Yes, there are spoilers below about Stranger Things and Stranger Things 2. If you haven’t watched yet and want to remain spoiler-free, please keep that in mind.
Stranger Things was an instant sensation when it debuted on Netflix last year. Its potent blend of frights, ’80s nostalgia, and the revival of Winona Ryder’s career made it a hit with fans and critics alike. But there was one thing that Stranger Things fans loved above all else: Barb.
In season one, Barbara Holland was Nancy Wheeler’s best friend, the nerdy high-schooler clad in Sally Jesse Raphael’s glasses and a puffy, ridiculously cerulean parka. Barb was quiet but loyal, awkward but fabulous, forgotten by Hawkins, Indiana but remembered by the entire audience. She was so great, in fact, actress Shannon Purser nabbed an Emmy nomination for the part. Sadly, Barb was also one of the demogorgon’s first victims. While everyone raced ahead to rescue Will Byers from the Upside Down, Stranger Things treated Barb’s death with the sort of shrug normally reserved for dropping a coin down a storm drain or losing a half-broken umbrella. She was last seen in the Upside Down, with a gross slug monster crawling out of her corpse, and that appeared to be that.
Now, with Stranger Things 2 set to dominate TV marathons this weekend and beyond, one question looms large: Will we finally get justice for Barb?
The second season opens with Nancy (Natalia Dyer) furious that no one really knows what happened to her friend. The trench coats at the Department of Energy stashed Barb’s car at a bus station, so everyone in Hawkins thinks that she skipped town because teens kept mocking her proto-normcore fashion sense. “It’s like everyone forgot, and no one cares,” Nancy tells her boyfriend, Steve (Joe Keery). “Except her parents … and it’s destroying them.”
Cut to the Holland residence, where Nancy and Steve suffer through an excruciatingly sad dinner of KFC with Barb’s parents as penance for knowing what really happened but not being able to tell them. Mr. and Mrs. Holland believe their daughter is still out there, and they’re selling their house to pay a shady investigative journalist to track her down. Understandably, Nancy reacts to this news by getting wasted at a house party and slurring to Steve, “You’re pretending like everything’s okay. Like we didn’t kill Barb. Like we’re partying. We’re partying.”
The funny thing about Stranger Things 2 is that it basically mimics the format of Stranger Things original recipe. Will (Noah Schnapp) is in danger again. Both seasons feature a new girl wreaking havoc with the group dynamic of Mike (Finn Wolfhard), Dustin (Gaten Matarazzo), Lucas (Caleb McLaughlin). Will’s mother Joyce Byers (Winona Ryder) once again goes from a well-coiffed cashier to someone with the hair of a Times Square Elmo. And just like last time, Nancy has to leave Steve and join up with Will’s brother Jonathan (Charlie Heaton) in order to find Barb.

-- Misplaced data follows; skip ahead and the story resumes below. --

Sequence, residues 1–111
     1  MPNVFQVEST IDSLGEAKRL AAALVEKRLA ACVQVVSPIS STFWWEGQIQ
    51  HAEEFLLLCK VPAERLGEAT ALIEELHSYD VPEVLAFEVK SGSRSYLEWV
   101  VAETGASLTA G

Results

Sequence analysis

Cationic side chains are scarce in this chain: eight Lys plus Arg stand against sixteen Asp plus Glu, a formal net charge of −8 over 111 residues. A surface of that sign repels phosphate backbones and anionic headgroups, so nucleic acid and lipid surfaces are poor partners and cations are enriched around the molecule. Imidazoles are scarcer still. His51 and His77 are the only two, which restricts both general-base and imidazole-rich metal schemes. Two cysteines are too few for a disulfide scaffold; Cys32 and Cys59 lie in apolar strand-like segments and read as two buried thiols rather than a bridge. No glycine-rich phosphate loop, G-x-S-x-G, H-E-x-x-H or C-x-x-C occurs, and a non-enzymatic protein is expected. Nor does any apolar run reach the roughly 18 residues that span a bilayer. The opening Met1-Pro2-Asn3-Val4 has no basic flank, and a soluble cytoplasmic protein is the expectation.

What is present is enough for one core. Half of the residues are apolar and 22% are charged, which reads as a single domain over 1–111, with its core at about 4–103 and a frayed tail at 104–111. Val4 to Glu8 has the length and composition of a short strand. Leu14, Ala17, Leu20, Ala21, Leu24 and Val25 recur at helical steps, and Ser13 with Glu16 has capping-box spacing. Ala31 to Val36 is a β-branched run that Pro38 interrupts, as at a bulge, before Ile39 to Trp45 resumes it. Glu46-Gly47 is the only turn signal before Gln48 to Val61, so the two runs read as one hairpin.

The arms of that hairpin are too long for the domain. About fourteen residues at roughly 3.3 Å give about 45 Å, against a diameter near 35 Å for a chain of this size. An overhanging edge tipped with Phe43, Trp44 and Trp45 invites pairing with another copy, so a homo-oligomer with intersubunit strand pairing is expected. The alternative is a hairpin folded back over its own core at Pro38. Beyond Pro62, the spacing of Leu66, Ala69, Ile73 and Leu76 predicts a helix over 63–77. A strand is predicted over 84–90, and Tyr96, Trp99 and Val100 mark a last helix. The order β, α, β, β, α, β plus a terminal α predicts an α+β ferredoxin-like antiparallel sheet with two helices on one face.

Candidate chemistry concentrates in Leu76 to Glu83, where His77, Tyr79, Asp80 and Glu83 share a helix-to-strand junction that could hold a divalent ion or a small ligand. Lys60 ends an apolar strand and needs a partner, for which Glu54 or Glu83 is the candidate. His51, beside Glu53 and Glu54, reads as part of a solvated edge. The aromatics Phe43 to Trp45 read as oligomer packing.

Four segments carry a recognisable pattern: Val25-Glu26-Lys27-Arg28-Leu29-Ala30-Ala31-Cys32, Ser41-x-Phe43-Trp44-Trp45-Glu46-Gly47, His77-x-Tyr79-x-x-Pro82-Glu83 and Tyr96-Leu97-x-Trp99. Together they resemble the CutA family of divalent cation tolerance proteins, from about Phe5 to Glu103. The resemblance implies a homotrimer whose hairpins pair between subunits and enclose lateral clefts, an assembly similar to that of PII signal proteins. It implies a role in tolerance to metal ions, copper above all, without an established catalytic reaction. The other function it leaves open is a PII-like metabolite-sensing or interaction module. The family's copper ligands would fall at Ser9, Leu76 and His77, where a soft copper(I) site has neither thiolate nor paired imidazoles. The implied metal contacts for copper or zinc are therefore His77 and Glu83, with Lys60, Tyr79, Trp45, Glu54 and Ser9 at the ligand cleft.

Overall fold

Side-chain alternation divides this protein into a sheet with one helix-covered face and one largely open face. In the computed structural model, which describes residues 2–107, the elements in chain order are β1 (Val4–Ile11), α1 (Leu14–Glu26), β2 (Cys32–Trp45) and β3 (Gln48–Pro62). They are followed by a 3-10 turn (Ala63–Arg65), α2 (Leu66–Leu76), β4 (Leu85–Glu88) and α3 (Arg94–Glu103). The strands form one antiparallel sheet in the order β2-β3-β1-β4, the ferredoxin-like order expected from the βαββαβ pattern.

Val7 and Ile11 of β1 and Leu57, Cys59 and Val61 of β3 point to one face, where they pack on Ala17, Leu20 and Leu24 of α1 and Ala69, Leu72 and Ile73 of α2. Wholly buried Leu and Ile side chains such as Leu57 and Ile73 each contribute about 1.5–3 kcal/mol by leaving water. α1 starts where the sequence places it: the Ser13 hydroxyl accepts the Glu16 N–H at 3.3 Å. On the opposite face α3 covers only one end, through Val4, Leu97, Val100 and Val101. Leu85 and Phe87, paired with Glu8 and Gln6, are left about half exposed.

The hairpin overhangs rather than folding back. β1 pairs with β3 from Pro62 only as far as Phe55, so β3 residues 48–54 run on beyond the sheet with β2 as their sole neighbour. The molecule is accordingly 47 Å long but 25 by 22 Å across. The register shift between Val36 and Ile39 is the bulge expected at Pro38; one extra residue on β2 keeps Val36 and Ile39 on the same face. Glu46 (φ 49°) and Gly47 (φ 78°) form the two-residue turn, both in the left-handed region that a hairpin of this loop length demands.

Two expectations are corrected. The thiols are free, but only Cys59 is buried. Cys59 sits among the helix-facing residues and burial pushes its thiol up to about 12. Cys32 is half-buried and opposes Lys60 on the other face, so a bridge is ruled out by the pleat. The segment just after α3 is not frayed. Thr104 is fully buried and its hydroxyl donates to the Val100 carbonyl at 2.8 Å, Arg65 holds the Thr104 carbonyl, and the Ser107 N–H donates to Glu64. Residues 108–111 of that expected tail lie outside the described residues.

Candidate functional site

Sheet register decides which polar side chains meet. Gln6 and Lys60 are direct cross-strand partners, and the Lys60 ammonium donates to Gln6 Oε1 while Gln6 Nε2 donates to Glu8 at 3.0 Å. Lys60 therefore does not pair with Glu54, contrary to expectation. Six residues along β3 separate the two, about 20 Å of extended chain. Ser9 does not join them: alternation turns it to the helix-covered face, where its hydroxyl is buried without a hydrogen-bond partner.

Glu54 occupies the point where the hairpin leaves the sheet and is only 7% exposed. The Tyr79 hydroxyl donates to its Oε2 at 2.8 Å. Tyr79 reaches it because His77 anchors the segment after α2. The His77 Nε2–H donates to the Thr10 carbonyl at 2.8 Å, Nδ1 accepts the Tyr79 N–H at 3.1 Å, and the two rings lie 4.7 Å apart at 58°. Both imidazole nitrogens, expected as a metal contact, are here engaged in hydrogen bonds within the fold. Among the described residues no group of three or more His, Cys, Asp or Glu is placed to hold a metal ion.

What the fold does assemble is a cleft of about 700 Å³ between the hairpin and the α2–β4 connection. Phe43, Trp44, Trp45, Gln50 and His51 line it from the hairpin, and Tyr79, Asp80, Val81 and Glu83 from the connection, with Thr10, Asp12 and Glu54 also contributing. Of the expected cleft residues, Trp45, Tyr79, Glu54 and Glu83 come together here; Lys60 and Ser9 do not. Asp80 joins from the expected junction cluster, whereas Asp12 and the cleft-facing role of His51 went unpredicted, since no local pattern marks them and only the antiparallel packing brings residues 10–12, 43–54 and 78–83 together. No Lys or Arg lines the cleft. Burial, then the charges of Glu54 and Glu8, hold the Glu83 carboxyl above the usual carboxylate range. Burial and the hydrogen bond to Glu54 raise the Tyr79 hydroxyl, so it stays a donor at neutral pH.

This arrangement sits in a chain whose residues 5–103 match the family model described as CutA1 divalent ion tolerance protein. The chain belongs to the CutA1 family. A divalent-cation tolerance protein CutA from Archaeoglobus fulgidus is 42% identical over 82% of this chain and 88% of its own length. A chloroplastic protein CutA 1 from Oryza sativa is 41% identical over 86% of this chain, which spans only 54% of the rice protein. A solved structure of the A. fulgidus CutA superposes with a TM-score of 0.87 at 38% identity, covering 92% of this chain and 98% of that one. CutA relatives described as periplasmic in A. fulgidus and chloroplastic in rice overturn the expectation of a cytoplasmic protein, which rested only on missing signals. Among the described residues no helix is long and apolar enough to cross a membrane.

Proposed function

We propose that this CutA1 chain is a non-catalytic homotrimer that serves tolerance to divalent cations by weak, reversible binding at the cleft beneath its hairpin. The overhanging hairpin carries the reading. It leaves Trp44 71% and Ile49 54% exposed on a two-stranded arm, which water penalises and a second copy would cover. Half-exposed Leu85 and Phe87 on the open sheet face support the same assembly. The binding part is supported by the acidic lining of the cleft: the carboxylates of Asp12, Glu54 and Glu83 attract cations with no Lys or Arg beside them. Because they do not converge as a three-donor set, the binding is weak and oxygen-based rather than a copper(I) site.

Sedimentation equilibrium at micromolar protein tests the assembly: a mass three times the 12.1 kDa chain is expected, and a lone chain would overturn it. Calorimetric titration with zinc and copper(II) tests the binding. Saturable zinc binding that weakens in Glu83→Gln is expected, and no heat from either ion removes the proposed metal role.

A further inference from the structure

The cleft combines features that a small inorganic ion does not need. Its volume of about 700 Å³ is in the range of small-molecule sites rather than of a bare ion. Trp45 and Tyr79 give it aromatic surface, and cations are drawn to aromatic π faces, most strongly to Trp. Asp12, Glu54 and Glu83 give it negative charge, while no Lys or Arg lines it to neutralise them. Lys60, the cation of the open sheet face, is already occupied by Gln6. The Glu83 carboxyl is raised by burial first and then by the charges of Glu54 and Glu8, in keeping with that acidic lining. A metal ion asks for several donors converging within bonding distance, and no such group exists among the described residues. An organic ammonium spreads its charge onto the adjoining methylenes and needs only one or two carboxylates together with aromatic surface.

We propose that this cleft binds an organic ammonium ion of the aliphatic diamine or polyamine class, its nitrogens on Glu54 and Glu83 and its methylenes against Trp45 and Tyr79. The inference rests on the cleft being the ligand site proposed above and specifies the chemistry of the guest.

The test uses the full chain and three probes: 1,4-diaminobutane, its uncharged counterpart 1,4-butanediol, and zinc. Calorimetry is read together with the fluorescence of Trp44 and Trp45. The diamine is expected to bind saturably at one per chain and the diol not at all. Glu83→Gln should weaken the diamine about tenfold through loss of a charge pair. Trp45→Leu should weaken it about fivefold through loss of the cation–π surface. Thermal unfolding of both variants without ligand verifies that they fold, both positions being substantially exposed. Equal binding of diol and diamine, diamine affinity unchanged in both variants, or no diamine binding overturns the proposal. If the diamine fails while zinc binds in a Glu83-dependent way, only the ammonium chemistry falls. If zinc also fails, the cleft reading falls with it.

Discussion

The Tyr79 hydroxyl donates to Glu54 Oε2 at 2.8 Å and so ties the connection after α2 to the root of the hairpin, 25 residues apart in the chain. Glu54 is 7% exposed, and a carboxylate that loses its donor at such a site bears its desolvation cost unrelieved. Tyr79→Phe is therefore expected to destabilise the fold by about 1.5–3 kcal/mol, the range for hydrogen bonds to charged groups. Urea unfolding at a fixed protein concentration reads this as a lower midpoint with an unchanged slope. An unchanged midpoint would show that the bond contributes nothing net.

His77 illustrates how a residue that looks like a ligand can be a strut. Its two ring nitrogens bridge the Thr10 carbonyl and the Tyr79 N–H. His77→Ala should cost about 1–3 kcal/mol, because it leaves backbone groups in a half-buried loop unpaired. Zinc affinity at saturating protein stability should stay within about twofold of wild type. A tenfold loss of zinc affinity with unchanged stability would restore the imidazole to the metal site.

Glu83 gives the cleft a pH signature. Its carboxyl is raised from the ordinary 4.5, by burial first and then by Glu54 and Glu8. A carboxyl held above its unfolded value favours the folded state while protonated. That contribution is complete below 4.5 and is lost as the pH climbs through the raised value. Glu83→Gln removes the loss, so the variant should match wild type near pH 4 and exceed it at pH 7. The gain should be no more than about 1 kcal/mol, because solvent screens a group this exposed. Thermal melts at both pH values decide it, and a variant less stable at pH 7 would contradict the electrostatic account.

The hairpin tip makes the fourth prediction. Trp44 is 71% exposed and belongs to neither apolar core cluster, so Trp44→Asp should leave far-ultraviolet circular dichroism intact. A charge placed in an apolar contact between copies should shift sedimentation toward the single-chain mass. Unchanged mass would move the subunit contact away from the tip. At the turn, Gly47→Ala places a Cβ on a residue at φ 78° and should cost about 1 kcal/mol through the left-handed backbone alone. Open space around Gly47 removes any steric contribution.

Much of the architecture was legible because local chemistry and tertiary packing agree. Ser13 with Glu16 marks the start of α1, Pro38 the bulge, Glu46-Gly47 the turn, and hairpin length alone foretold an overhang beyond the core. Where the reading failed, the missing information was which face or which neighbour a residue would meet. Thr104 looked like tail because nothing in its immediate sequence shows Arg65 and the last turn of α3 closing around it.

Soon enough, Nancy learns that the “journalist” is a conspiracy-theory nut named Murray Bauman (Brett Gelman), who believes that Barb tried to help the “Russian girl” who was seen around town — a.k.a. Eleven. His working theory is that Barb was killed because she knew too much. So, in a pretty ingenuous move, Nancy and Jonathan get themselves captured by the feds and taken to Hawkins Lab, where they meet Dr. Owens (Paul Reisder) and record him admitting what really happened to Barb. Then they take the tape to Murray in hopes of exposing the truth to the wider public.
When they arrive at Murray’s bunker, he has a wall dedicated to his Barb investigation and all of his “evidence” is connected with red strings. (He’s basically like Carrie Mathison when she goes off her medicine, but I looked at that wall and thought, “Same,” because that is what my apartment looked like in the middle of my Barb fever too.) Nancy tells Murray that he has everything wrong about Barb and fills him in on the truth about the Upside Down. After he hears the tape of Dr. Owens, they come up with a plan to water down the story so that the press will actually report it. Then, for several episodes, Stranger Things yet again forgets about Barb while Nancy and Jonathan hook up, Eleven goes to Chicago to turn herself into Jessica Alba from Dark Angel, Steve reveals the secret to his pompadour come mullet, and everyone fights a bunch of devil dogs (a much better name than “demodogs,” in my humble opinion).
With all of those non-Barb objectives complete, our heroine finally gets a funeral after the Department of Energy admits culpability in her death, claiming that she was poisoned and they conspired to cover it up. Presumably, Barb’s parents got a nice settlement and Murray got paid, which is kind of ridiculous because Nancy and Jonathan did all the hard work. (All he did was lie around his nasty apartment, listening to jazz and drinking watered-down Stoli. Shouldn’t the teens get a cut too?)
In the end, Barb is still dead and now everyone knows it, but they think that she was a mere victim of government malfeasance rather than the prey of an interdimensional alien that stalked her after her Nancy bailed to have sex with Steve. She gets some photos placed at the center of some nice bouquets during her funeral, but that’s about it. She’ll probably be forgotten again by the time Stranger Things 3 comes around.
Clearly, this is not what true justice looks like. Justice for Barb would be if someone actually appreciated her. If someone saw Barb for who she was and said, “She was great and she deserved better.” Nancy is grappling with a lot of difficult emotions in Stranger Things 2, and she does the admirable thing by helping the Hollands find closure, but she’s mostly just driven by a need to assuage her own guilt. That’s not justice as much as it is penance.
Get all your Stranger Things 2 questions answered at the show’s Vulture Festival LA panel on November 18! Tickets available here.